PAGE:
A ‘Modern’ Approach to Prostitution: George Bernard Shaw’s Mrs Warren’s Profession

You think that people are what they pretend to be: that the way you were taught at school and college to think right and proper is the way things really are. But it's not: it's all only a pretence, to keep the cowardly slavish common run of people quiet.

Mrs Warren’s assessment of Victorian society—that commonly-held morality is a pretence, a cover for the ‘way things really are’—is one shared by many 21st-century commentators on the period. The modern novels I’ve read as part of my Neo-Victorian Voices series are obsessed with showing the depravity below the façade—child abuse, racism, pornography and, most frequently, prostitution, the subject of George Bernard Shaw’s 1893 and the eponymous Mrs Warren’s profession.

Felicity Kendal as Mrs Warren
The Victorians of our cultural imagination are table leg covering prudes or sex-crazed bodice rippers (most often, hypocritically, both), but, in our obsession with the lascivious and scandalous, are we missing the point? Shaw’s play, banned at the time for its subject matter, may also ascribe to this narrative of repression and duplicity, but for him the truth about prostitution is more based in economics, than eroticism.

This is what prostitution means to Mrs Warren:

It means a new dress every day; it means theatres and balls every night; it means having the pick of all the gentlemen in Europe at your feet; it means a lovely house and plenty of servants; it means the choicest of eating and drinking; it means everything you like, everything you want, everything you can think of.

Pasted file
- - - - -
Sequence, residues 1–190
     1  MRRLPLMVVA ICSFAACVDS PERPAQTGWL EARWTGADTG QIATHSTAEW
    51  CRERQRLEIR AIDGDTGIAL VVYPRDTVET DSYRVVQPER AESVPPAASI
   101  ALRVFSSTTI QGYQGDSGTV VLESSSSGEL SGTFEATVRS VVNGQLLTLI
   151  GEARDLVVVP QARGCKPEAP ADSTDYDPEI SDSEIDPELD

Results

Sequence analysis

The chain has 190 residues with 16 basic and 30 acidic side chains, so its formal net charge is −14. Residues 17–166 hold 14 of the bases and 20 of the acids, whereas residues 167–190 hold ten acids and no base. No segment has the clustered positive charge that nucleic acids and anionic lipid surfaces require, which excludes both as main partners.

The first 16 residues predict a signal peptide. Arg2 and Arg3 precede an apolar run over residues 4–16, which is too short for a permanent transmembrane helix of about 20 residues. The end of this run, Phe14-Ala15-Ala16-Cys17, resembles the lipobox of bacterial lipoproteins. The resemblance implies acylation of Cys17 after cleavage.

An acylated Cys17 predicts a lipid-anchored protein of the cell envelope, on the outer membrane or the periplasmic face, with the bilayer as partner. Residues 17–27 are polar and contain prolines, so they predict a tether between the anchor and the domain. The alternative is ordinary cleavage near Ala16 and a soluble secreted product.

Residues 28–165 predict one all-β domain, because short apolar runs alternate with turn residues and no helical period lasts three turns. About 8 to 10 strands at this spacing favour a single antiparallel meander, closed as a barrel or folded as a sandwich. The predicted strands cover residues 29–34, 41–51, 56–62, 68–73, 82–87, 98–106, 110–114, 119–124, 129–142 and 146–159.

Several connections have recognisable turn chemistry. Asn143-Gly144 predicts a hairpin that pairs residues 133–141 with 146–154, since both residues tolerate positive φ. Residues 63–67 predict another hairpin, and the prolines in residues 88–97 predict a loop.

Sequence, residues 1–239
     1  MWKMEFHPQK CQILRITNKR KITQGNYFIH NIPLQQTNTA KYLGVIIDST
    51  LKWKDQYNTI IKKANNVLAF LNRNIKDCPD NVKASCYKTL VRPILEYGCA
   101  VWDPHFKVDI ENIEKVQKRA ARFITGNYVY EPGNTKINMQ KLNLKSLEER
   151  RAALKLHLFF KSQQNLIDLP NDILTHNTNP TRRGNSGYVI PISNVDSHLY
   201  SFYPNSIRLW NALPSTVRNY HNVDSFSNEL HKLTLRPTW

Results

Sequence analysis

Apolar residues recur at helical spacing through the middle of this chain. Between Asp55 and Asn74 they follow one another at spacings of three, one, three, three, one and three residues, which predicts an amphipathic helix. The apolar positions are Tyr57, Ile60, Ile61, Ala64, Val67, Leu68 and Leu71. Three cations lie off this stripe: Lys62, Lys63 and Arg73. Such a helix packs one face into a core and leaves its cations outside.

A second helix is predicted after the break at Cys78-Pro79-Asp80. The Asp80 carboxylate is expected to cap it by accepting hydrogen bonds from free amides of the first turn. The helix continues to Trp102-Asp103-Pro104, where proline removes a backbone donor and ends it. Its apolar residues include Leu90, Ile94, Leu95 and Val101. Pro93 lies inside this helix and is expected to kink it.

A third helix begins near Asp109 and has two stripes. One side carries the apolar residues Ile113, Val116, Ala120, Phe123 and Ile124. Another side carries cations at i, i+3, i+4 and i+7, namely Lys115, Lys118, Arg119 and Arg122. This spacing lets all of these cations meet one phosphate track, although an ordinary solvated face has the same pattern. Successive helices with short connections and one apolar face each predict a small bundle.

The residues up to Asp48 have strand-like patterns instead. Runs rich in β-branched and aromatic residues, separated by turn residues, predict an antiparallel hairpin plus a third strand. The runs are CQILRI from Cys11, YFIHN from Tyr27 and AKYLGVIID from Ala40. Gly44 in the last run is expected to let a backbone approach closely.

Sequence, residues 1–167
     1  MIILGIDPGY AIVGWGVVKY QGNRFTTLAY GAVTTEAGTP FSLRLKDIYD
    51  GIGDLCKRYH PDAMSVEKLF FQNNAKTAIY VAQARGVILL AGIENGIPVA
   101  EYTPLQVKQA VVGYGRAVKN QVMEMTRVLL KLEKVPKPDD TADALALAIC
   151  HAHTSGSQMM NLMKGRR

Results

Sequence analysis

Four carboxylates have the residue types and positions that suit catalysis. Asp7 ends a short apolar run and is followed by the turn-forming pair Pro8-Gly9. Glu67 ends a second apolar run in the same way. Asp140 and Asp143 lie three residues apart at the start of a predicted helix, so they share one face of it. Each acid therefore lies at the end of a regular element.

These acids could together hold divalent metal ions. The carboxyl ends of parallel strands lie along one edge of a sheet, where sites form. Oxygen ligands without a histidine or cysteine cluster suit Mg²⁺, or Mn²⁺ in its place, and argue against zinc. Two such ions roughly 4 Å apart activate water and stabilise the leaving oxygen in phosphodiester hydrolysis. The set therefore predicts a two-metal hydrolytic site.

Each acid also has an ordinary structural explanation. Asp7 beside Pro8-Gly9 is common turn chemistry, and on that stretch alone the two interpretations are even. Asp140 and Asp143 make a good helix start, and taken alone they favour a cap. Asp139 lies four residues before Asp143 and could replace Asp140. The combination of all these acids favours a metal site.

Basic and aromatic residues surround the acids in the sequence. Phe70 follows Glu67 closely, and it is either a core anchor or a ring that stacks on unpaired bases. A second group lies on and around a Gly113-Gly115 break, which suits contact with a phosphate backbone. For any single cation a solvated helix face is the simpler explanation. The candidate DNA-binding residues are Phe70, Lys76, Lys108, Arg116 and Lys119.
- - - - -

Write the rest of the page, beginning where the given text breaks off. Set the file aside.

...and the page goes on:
So far this seems like the standard seduction speech, as Mrs Warren lays out the contrast between the opulent way of life provided by sex work and her daughter Vivie’s existence now:

And what are you here? A mere drudge, toiling and moiling early and late for your bare living and two cheap dresses a year.

Yet, in the play’s last moments, the argument between the two women becomes something much more interesting than a confrontation between vice and virtue, riches and poverty. Mrs Warren tells Vivie that it isn’t just the money that attracts her (after all, she could have retired from this life long ago but continues to run a network of brothels):

I must have work and excitement, or I should go melancholy mad. And what else is there for me to do? The life suits me: I'm fit for it and not for anything else. If I didn't do it somebody else would; so I don't do any real harm by it. And then it brings in money; and I like making money.